Good: fun to drive and look at, not as cramped as you'd expect
Not so good: stay away from the automatic model, silly boot opening
If I had written this Irish road test off the back of my first drive of the new Citroen DS3 Cabrio in Ireland it would have been difficult to award the car anything more than a two-star verdict. That may sound harsh, but the variant tested then was so overwhelmingly awful to drive that it would have warranted such a rating in my book.
That was the 1.4 HDi diesel model. Now, I don't have anything against diesel convertibles, but this DS3 Cabrio was also saddled with Citroen's EGS automatic gearbox. It's no slick dual-clutch unit; instead, the mechanicals are essentially those of a regular six-speed manual gearbox, but the clutch is actuated by electromechanical means. It can be left to its own devices (an ill-advised strategy) or the driver can learn how to overcome its inadequacies by changing gear using the plastic paddles mounted behind the chunky steering wheel. Even with practice it's just plain annoying to drive.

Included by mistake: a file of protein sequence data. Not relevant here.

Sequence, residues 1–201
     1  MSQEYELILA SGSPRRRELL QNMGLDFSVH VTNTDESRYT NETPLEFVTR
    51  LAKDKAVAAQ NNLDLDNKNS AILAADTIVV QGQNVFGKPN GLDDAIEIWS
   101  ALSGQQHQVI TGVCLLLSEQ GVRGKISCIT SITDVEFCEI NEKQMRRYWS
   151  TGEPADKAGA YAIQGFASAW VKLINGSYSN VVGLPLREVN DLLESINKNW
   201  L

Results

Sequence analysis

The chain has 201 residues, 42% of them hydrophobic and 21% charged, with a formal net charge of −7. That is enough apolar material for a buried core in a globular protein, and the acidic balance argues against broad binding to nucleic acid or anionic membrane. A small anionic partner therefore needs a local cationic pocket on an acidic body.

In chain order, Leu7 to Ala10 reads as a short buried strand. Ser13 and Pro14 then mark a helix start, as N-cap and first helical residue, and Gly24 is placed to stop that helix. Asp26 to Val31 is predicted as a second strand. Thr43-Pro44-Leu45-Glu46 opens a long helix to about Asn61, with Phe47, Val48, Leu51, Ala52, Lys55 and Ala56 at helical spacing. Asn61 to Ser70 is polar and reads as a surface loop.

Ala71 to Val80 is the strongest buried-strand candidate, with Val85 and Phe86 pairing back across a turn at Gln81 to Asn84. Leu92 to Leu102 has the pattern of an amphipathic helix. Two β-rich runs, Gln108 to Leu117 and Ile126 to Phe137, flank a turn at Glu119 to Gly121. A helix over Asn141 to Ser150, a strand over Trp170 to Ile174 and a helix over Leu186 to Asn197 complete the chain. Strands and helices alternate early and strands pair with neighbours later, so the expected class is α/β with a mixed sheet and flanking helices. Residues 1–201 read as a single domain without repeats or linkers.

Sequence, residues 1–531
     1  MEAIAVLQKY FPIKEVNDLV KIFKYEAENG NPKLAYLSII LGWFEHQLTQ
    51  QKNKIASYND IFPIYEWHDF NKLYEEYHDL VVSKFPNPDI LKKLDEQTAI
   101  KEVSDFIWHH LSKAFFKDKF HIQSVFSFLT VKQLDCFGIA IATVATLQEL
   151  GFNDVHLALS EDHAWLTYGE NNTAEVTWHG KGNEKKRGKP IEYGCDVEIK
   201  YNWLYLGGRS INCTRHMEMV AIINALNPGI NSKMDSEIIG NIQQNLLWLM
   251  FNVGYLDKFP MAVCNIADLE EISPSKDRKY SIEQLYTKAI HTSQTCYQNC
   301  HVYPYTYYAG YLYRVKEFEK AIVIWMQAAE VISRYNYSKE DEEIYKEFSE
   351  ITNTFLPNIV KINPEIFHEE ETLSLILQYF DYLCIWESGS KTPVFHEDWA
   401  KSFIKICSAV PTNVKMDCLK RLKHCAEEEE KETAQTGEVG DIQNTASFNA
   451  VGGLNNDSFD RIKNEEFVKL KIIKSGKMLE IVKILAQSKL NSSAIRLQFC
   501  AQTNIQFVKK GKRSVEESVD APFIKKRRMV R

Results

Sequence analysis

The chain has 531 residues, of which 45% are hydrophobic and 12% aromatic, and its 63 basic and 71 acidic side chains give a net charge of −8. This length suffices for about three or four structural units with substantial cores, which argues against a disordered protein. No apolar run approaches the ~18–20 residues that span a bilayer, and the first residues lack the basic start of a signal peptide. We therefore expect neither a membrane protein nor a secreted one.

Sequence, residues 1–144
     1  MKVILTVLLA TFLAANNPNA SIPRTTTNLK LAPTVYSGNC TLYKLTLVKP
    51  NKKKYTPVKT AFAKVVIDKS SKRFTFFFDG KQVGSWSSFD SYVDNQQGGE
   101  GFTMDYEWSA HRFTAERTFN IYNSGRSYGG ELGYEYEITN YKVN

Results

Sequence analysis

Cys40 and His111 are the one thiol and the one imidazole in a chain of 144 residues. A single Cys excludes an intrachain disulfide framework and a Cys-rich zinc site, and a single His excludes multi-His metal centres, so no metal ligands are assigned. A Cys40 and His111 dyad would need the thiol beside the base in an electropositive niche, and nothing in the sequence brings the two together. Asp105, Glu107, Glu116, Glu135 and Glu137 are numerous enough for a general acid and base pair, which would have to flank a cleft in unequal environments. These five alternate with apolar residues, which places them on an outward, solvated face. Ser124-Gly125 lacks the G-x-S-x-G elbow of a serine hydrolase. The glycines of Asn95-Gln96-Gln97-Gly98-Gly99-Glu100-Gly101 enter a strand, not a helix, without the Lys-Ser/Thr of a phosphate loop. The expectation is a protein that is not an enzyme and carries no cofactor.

Thankfully, having driven the DS3 Cabrio in manual guise on the international launch, I knew that there was a good car lurking underneath the ineptitude of the transmission. And luckily, Citroen let me borrow another version, this time in the same 1.6 THP 155 DSport guise we tested in Spain. That's more like it. Now, there's a price difference here that can't be ignored (€1,500) and the tax is considerably higher too (€280 vs. €180), but this drive did at least confirm that the DS3 Cabrio is a thoroughly likeable car at heart.
Of course, it's not a perfect car. The opening for the (relatively sizeable) boot is laughably shallow and you can't see out the back if the roof is all the way down, but most cabrios of this size come with compromise of some sort. In comparison to rivals, the rear seat space isn't bad and you can access the boot via split-folding seats too.
Despite the fact that the DSport specification means the DS3 is less comfortable, I thoroughly enjoyed my week with it and the presence of a (slick) six-speed manual gearbox certainly helped with that. If performance isn't very high up your list of priorities we reckon the sweet spot of the range is the e-HDi 90 manual model in DStyle trim.
Fiat 500C: the Citroen's biggest rival in what is a tiny market in Ireland.
Mazda MX-5: more expensive, but also a proper sports car.
MINI Convertible: with a new MINI due in November now is a good time to get a discounted MINI Convertible.